A randomized trial of induction chemotherapy plus high-dose radiation versus radiation alone in stage III non-small-cell lung cancer

N Engl J Med. 1990 Oct 4;323(14):940-5. doi: 10.1056/NEJM199010043231403.


Background: For patients with locally or regionally advanced non-small-cell lung cancer radiation is the standard treatment, but survival remains poor. We therefore conducted a randomized trial to determine whether induction chemotherapy before irradiation improves survival.

Methods: All the patients had documented non-small-cell cancer of the lung with Stage III disease established by clinical or surgical staging. Eligibility requirements included excellent performance status, minimal weight loss, and visible disease on radiography. Patients randomly assigned to group 1 received cisplatin (100 mg per square meter of body-surface area given intravenously on days 1 and 29) and vinblastine (5 mg per square meter given intravenously on days 1, 8, 15, 22, and 29) and then began radiation therapy on day 50 (60 Gy over a 6-week period). Patients assigned to group 2 received the same radiation therapy but began it immediately and received no chemotherapy.

Results: The eligible patients in group 1 (n = 78) and group 2 (n = 77) were comparable in terms of age (median, 60 years), sex, performance status, histologic features, stage of disease, and completeness of radiation therapy. The median survival was greater for those in group 1-13.8 versus 9.7 months (P = 0.0066 by log-rank test). Rates of survival in group 1 were 55 percent after one year, 26 percent after two years, and 23 percent after three years, as compared with 40, 13, and 11 percent, respectively, in group 2. Those in group 1 had a higher incidence of serious infections requiring hospitalization (7 percent, vs. 3 percent in group 2) and severe weight loss (14 percent vs. 6 percent), but there were no treatment-related deaths.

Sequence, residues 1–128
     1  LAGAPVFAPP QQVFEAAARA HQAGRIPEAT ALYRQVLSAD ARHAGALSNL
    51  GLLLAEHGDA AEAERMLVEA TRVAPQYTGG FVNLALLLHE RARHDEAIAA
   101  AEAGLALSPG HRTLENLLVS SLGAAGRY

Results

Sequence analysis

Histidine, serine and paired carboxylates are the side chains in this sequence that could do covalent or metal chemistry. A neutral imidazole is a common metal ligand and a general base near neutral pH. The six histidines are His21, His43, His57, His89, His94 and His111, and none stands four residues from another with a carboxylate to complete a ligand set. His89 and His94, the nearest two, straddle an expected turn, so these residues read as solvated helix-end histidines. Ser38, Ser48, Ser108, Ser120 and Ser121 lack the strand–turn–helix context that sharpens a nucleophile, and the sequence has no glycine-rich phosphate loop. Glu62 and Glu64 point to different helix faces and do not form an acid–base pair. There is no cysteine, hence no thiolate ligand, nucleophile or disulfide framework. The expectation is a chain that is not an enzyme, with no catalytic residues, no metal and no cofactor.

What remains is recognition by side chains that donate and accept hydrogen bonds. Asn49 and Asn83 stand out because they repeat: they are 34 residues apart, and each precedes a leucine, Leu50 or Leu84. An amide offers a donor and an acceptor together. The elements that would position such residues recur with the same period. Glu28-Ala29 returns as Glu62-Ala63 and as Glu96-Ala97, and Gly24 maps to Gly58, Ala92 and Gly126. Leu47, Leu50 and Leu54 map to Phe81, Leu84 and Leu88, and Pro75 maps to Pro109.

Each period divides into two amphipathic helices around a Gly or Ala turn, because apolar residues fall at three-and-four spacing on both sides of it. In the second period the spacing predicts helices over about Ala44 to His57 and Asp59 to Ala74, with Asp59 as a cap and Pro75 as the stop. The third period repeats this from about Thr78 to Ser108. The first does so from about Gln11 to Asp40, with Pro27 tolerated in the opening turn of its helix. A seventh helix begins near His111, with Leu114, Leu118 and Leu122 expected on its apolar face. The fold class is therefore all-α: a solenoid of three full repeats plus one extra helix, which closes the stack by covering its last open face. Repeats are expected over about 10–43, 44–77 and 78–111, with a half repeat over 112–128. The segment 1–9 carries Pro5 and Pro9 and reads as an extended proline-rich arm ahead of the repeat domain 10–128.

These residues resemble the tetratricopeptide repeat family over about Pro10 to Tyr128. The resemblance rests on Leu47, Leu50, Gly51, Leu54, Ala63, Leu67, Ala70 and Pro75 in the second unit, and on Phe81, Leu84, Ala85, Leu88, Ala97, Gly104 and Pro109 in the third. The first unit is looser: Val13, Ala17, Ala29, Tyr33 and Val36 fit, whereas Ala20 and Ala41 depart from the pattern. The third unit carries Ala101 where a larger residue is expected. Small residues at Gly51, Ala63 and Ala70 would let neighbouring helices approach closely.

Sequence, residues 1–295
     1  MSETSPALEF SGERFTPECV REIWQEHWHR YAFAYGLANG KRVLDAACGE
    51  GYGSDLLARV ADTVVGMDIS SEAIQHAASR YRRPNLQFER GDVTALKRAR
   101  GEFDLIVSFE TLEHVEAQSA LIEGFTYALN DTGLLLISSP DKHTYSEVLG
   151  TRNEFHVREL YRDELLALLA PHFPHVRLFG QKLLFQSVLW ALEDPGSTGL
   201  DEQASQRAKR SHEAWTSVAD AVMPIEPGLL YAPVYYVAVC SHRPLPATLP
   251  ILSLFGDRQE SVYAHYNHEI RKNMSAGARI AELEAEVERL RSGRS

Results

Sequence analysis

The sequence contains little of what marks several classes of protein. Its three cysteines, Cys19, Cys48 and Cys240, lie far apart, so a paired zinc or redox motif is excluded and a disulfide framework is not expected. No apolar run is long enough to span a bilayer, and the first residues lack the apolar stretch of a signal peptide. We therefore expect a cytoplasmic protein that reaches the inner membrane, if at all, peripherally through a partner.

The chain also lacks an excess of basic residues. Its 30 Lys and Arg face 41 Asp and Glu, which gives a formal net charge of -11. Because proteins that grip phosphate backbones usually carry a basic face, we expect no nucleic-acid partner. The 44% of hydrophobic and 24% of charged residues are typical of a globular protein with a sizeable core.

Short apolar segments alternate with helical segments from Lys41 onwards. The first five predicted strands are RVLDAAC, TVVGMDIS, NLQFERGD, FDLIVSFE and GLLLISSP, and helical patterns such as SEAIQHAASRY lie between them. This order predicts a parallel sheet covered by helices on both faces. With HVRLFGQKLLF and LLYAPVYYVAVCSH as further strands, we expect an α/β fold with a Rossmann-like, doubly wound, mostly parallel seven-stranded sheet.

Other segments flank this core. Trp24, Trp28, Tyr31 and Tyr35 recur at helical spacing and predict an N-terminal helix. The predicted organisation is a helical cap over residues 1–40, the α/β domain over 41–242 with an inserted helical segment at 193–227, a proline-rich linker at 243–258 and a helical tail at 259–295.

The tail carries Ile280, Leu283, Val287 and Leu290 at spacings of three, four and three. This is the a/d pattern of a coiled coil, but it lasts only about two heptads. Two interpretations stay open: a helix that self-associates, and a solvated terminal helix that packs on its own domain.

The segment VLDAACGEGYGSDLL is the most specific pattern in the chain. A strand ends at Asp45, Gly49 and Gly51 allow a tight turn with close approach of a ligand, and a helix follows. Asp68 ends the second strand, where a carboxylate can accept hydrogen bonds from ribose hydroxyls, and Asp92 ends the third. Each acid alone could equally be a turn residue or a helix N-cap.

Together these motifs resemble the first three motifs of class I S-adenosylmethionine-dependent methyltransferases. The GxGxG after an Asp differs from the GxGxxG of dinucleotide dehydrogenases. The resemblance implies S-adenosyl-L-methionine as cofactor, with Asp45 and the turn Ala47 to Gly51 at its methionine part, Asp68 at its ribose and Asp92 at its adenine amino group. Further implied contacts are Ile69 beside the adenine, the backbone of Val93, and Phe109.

Conclusions: In patients with Stage III non-small-cell lung cancer, induction chemotherapy with cisplatin and vinblastine before radiation significantly improves median survival (by about four months) and doubles the number of long-term survivors, as compared with radiation therapy alone. Since three quarters of the patients still die within three years, however, further improvements in systemic and local therapy are needed.

Publication types

  • Clinical Trial
  • Comparative Study
  • Randomized Controlled Trial
  • Research Support, Non-U.S. Gov't
  • Research Support, U.S. Gov't, P.H.S.

MeSH terms

  • Antineoplastic Combined Chemotherapy Protocols / therapeutic use
  • Carcinoma, Non-Small-Cell Lung / drug therapy
  • Carcinoma, Non-Small-Cell Lung / mortality
  • Carcinoma, Non-Small-Cell Lung / radiotherapy
  • Carcinoma, Non-Small-Cell Lung / therapy*
  • Cisplatin / administration & dosage
  • Combined Modality Therapy
  • Female
  • Humans
  • Lung Neoplasms / drug therapy
  • Lung Neoplasms / mortality
  • Lung Neoplasms / radiotherapy
  • Lung Neoplasms / therapy*
  • Male
  • Middle Aged
  • Neoplasm Staging
  • Randomized Controlled Trials as Topic
  • Survival Rate
  • Vinblastine / administration & dosage


  • Vinblastine
  • Cisplatin